Lenovo, NetApp Combine Forces in Servers, All-Flash Storage

The strategic partnership will enable Lenovo to better compete with Dell EMC and HPE in the rapidly changing enterprise data center space.

data center

Officials with Lenovo, which already is seeing strong growth in its data center server and storage businesses, are looking to add stronger flash capabilities to its lineup through a partnership with NetApp and its expertise in all-flash and hybrid-flash storage.

The two companies last week announced a strategic partnership that also includes the creation of a joint venture in China that will help the vendors push new storage and data management products into that country’s massive IT market. Officials with both Lenovo and NetApp announced the partnership at Lenovo’s Transform 2.0 show in New York City.

The alliance strengthens Lenovo’s position in the data center as it competes with the likes of Dell EMC, Hewlett Packard Enterprise and Cisco Systems, while NetApp catches on with a top-tier vendor that is seeing rapid growth in its server and storage businesses. In a rapidly evolving IT space that is becoming more data-centric and is being driven by such trends as the cloud, data analytics, the internet of things (IoT) and greater mobility, a partnership like the one between Lenovo and NetApp can be beneficial to both vendors, according to Charles King, principal analyst with Pund-IT.

“Since the best and most long lasting such efforts incorporate and explore the relative strengths of the collaborating parties, parity of assets, skills and expertise can be critical to success and longevity,” King wrote in a research note. “In that sense, Lenovo and NetApp’s new global, multi-faceted partnership appears well-considered and designed. The companies are similarly robust technologically, and both are enjoying remarkably successful runs in their target markets.”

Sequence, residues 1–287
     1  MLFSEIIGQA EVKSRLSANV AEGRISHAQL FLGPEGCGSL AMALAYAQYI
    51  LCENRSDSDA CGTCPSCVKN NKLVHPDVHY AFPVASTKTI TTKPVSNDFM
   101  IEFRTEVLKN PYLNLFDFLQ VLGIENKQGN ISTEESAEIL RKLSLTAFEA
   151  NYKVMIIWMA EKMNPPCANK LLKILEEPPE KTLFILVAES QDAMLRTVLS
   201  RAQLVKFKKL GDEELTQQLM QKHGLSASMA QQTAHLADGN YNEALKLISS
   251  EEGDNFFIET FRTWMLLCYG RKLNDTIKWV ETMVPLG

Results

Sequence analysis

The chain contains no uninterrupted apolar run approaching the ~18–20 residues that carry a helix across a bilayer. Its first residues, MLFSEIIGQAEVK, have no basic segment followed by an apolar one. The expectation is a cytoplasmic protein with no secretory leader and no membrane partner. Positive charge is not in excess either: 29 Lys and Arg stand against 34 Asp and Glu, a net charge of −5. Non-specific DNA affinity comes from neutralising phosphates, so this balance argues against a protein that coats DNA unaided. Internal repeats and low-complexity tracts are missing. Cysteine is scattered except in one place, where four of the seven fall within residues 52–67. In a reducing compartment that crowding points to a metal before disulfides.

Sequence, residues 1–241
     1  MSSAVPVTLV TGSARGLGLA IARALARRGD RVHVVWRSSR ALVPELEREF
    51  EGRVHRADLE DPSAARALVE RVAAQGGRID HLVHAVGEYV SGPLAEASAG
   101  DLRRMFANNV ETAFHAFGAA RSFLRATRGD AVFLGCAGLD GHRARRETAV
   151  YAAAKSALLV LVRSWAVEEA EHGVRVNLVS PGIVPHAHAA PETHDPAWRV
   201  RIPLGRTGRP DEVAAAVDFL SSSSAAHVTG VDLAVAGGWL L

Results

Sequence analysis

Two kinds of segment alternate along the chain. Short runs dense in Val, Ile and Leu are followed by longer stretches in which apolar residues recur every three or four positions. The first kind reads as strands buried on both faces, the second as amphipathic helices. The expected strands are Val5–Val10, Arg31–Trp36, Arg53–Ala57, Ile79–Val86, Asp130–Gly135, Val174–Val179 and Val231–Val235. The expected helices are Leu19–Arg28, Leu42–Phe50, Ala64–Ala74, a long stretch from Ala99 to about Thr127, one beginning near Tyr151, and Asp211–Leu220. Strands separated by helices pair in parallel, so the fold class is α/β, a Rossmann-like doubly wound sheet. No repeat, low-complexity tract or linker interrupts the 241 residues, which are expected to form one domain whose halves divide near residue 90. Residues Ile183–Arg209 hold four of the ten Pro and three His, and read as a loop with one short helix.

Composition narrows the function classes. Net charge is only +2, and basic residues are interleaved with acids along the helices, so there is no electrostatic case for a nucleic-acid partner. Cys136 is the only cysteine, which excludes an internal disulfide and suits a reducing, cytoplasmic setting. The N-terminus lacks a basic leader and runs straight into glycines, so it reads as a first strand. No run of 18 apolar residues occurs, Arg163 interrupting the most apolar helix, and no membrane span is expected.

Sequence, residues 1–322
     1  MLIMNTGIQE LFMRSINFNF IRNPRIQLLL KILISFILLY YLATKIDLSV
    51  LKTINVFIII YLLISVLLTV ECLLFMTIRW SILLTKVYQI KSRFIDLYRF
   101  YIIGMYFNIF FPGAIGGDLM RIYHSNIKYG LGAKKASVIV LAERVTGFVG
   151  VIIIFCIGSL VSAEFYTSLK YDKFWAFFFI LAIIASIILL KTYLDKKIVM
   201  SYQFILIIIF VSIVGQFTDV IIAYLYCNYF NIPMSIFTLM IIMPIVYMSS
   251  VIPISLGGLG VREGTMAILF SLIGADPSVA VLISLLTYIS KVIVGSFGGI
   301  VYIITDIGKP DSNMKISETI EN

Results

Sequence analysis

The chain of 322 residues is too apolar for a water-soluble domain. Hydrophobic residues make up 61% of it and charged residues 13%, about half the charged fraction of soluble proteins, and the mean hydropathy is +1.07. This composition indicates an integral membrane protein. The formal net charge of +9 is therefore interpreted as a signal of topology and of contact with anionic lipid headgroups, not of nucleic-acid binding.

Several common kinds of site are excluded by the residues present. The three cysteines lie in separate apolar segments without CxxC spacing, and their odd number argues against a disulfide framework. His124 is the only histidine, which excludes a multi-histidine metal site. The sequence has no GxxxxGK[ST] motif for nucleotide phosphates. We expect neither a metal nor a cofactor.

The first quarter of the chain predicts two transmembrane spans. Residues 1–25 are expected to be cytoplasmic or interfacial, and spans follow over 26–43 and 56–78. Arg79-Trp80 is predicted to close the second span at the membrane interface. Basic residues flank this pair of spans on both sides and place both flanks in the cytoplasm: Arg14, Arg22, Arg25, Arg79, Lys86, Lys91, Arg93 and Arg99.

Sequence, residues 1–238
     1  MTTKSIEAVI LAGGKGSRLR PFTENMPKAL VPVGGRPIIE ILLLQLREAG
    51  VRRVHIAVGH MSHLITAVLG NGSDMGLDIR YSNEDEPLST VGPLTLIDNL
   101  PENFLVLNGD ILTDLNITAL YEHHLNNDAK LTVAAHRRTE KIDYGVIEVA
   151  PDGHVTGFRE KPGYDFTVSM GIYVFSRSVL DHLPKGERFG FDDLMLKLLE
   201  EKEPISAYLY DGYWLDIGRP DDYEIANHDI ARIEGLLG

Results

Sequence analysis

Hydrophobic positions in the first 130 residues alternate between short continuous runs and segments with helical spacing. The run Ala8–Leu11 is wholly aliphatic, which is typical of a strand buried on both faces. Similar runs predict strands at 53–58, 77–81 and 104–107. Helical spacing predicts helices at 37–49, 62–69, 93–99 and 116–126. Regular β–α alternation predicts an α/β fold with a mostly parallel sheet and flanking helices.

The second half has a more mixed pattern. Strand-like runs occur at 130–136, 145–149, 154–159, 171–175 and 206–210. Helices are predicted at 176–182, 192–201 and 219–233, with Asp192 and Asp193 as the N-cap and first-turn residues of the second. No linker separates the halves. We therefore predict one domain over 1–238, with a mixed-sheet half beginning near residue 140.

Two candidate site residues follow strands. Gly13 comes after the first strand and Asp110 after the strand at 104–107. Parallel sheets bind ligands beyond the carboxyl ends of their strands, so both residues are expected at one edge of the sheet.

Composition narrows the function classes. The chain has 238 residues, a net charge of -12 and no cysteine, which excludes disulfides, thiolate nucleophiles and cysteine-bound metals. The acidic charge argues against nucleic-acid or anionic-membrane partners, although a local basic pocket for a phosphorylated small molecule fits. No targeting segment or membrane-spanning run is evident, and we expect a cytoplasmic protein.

In addition, the companies’ “common interests in the discrete needs of enterprise customers are highly complementary, meaning that they should be able to capture and fully exploit synergies between their individual portfolios,” he wrote.

NetApp CEO George Kurian said in a statement that the combination of Lenovo and NetApp products will help businesses adapt their IT environments to the new demands.

“In today’s global economy, customers demand new approaches to IT infrastructures that support their digital transformation,” Kurian said. “Through this partnership, Lenovo and NetApp will offer a comprehensive portfolio of products, solutions and service that is unrivaled in the market today.”

This isn’t Lenovo’s first foray in all-flash storage. The company in 2016 announced a partnership with Nimble to develop all-flash converged infrastructure offerings. HPE bought Nimble last year for $1 billion.